"Aaron is versatile guard who impacts the game in a number of areas."
CHAMPAIGN — The recruiting process to land a high school basketball standout is laborious for college coaches.
Phone calls. Visits to the recruit’s games. Practices. Open gyms. Facebook messages. On-campus visits by the recruit. Officially and unofficially.
Landing a transfer is usually quite the opposite.
The process usually lasts a few weeks compared with a few years.
But Illinois coach John Groce has put in the time before on his two newest players, guard Aaron Cosby from Seton Hall and forward Jon Ekey from Illinois State.
“A lot of these (transfer) situations, they find another place in a very short period of time,” Groce said Wednesday afternoon during a teleconference discussing the addition of Cosby and Ekey. “It happens very fast, and it can be challenging to develop relationships quickly in those situations. Aaron and Jon’s were a little atypical because of our previous established relationships.”
Groce and his staff at Ohio recruited both players.
Both came for official visits to the Athens, Ohio, campus before settling elsewhere.
Both, though, likely will finish their college careers playing for Groce at Illinois.
“Both guys bring shooting to the table,” Groce said. “That is something we wanted to address.”
Especially since Brandon Paul, D.J. Richardson and Tyler Griffey — who accounted for 73 percent of the 280 three-pointers Illinois made this past season — are out of eligibility. Ekey is a career 37 percent shooter from three-point range (112 of 307) in three seasons while Cosby stands at 39 percent (132 of 340) in two seasons.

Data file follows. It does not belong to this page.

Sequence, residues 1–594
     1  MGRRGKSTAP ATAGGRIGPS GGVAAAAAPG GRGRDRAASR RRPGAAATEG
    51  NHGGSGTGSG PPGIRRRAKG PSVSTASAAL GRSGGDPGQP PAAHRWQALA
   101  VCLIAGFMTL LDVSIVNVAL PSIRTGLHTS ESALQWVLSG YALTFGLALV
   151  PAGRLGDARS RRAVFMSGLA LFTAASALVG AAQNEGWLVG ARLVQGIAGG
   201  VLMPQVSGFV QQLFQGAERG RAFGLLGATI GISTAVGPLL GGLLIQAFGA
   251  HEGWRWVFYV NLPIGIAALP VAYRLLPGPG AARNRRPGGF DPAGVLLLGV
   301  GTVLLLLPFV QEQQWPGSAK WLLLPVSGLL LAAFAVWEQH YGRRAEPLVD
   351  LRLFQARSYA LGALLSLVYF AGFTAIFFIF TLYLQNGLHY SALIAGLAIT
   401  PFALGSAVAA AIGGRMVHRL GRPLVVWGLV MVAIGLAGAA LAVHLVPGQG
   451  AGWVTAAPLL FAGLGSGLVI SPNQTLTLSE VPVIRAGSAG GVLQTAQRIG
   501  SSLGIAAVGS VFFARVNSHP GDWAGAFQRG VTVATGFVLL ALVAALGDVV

Ekey is eligible immediately for the 2013-14 season because he is a fifth-year transfer. Cosby will sit out next season and will have two seasons of eligibility starting with the 2014-15 season. He’ll get to practice with Illinois next season, a la Rayvonte Rice during the 2012-13 season.
“Their basketball IQ is high,” Groce said. “They love the game. They’re the type of guys that will draw others to come to the gym with them.”
Even though Ekey and Cosby will not play together at Illinois, they count as the eighth and ninth new additions to Illinois since Groce assumed the job 13 months ago.
Groce said Ekey and Cosby fill similar roles to the spots held by Griffey and Richardson, respectively, on last season’s Illini.
That said, there are some differences.
Ekey, whose scoring dropped from 9.0 in the 2011-12 season under former Illinois State coach Tim Jankovich to 6.4 in Dan Muller’s first season in Normal this past winter, is 2 inches shorter than Griffey. He has shown a shot-blocking capability (110 in three seasons) that Griffey (38 blocks in four seasons) didn’t necessarily have.
Groce said Cosby compares favorably to Richardson, although Groce pointed out Cosby has handled the ball more at Seton Hall than Richardson did at Illinois.
“I think that with Jon, you look at his ... experience level, (and) what that adds to next year’s team is very valuable,” Groce said. “Aaron can play both the 2 and the 1 (guard spots). It becomes very valuable with his versatility to not only shoot and score but to defend those two positions as well. We feel like we hit two home runs.”
Groce and his staff still have one available scholarship.
He didn’t indicate Wednesday whether that would go toward another college transfer or a high school player from the Class of 2014.
“In a perfect world, we’d like to address if there’s a guard out there to help us and enhance our team,” Groce said. “Aaron does that, but Aaron’s sitting out a year. If there’s not, we would feel comfortable pushing it to 2014 if need be.”